Molecular diagnosis and genetic diversity of tick-borne Anaplasmataceae agents infecting the African buffalo Syncerus caffer from Marromeu Reserve in Mozambique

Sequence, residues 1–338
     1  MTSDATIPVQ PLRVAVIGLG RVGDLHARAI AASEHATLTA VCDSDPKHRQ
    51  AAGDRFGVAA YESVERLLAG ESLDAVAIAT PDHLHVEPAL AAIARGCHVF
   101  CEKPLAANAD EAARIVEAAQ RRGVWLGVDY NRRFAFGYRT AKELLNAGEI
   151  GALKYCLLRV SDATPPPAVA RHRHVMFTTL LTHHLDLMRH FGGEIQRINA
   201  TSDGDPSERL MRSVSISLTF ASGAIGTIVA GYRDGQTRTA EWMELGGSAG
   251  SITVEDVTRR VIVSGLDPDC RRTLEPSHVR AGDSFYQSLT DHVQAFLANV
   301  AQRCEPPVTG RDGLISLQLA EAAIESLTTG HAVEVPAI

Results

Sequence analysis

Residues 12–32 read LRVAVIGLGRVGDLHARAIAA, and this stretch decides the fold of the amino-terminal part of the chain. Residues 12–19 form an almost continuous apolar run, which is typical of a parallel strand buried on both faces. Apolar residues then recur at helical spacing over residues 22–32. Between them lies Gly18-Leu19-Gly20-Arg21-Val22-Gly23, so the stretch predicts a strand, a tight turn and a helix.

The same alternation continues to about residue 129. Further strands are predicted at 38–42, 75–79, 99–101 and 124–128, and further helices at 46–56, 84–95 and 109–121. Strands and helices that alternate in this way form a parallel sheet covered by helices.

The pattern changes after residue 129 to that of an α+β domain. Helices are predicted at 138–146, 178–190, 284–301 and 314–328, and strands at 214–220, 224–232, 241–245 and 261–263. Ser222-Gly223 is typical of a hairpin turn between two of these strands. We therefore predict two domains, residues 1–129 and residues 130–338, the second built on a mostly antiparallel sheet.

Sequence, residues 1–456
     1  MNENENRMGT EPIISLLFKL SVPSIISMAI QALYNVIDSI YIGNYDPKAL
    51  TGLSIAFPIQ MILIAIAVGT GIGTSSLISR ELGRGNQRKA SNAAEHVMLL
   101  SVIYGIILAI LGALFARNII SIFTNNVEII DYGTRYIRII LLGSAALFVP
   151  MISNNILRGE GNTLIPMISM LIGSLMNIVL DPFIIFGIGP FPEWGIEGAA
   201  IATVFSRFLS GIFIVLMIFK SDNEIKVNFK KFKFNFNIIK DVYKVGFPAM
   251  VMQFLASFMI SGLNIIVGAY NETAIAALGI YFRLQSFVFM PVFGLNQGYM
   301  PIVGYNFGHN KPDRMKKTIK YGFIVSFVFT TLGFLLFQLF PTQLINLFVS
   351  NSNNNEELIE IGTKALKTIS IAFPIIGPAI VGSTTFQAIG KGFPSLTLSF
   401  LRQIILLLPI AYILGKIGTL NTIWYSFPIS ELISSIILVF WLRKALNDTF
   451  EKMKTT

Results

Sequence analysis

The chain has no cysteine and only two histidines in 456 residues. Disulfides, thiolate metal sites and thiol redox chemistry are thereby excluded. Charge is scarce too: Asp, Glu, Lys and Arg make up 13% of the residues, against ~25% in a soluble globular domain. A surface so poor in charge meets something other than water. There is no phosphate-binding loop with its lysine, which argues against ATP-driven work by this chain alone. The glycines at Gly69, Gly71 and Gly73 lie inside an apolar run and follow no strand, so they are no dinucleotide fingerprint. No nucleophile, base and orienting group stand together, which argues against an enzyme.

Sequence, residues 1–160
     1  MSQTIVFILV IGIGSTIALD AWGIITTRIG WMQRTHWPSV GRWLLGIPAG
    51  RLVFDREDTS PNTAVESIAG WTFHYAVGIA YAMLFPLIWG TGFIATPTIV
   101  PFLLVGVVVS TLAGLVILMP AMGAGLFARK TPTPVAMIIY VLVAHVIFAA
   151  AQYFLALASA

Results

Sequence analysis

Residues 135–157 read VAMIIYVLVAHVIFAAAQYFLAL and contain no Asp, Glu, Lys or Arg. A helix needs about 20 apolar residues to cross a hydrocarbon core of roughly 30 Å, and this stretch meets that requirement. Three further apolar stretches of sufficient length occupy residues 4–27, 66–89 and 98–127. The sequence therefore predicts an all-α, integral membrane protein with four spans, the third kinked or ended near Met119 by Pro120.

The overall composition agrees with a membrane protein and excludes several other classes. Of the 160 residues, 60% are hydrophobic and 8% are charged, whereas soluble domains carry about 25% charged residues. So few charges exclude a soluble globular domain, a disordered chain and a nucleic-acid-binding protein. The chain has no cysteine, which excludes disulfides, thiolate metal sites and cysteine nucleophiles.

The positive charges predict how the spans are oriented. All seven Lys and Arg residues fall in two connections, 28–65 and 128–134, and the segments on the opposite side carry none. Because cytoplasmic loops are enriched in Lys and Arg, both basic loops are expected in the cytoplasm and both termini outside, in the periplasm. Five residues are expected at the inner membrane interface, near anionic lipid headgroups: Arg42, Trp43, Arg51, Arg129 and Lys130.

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Background: Tick-borne diseases (TBDs) are very important in relation to domestic ruminants, but their occurrence among wild ruminants, mainly in the African buffalo Syncerus caffer, remains little known. Methods: Molecular diagnostic methods were applied to detect Anaplasma marginale, Anaplasma centrale, Anaplasma phagocytophilum, Ehrlichia ruminantium and Ehrlichia chaffeensis in 97 blood samples of African buffalo captured at the Marromeu Reserve in Mozambique. Molecular detection of agents belonging to the family Anaplasmataceae were based on conventional and qPCR assays based on msp5, groEL, 16S rRNA, msp2, pCS20 and vlpt genes. Phylogenetic reconstruction of new Anaplasma isolates detected in African buffalo was evaluated based on msp5, groEL and 16S rRNA genes. Results: All the animals evaluated were negative for specific PCR assays for A. phagocytophilum, E. ruminantium and E. chaffeensis, but 70 animals were positive for A. marginale, showing 2.69 × 100 up to 2.00 × 105 msp1β copies/μl. This result overcomes the conventional PCR for A. marginale based on msp5 gene that detected only 65 positive samples. Sequencing and phylogenetic analyses were performed for selected positive samples based on the genes msp5, groEL and 16S rRNA. Trees inferred using different methods separated the 29 msp5 sequences from buffalo in two distinct groups, assigned to A. centrale and A. marginale. The groEL sequences determined for African buffalo samples revealed to be more heterogeneous and inferred trees could not assign them to any species of Anaplasma despite being more related to A. marginale and A. centrale. The highly conserved 16S rRNA gene sequences suggested a close relationship of the new 16 sequences with A. centrale/A. marginale, A. platys and A. phagocytophilum. Conclusions: Our analysis suggests that different species of Anaplasma are simultaneously present in the African buffalo. To the best of our knowledge, this is the first study that diagnosed Anaplasma spp. in the African buffalo and inferred the taxonomic status of new isolates with different gene sequences. The small fragment of msp5 sequences revealed to be a good target for phylogenetic positioning of new Anaplasma spp. isolates.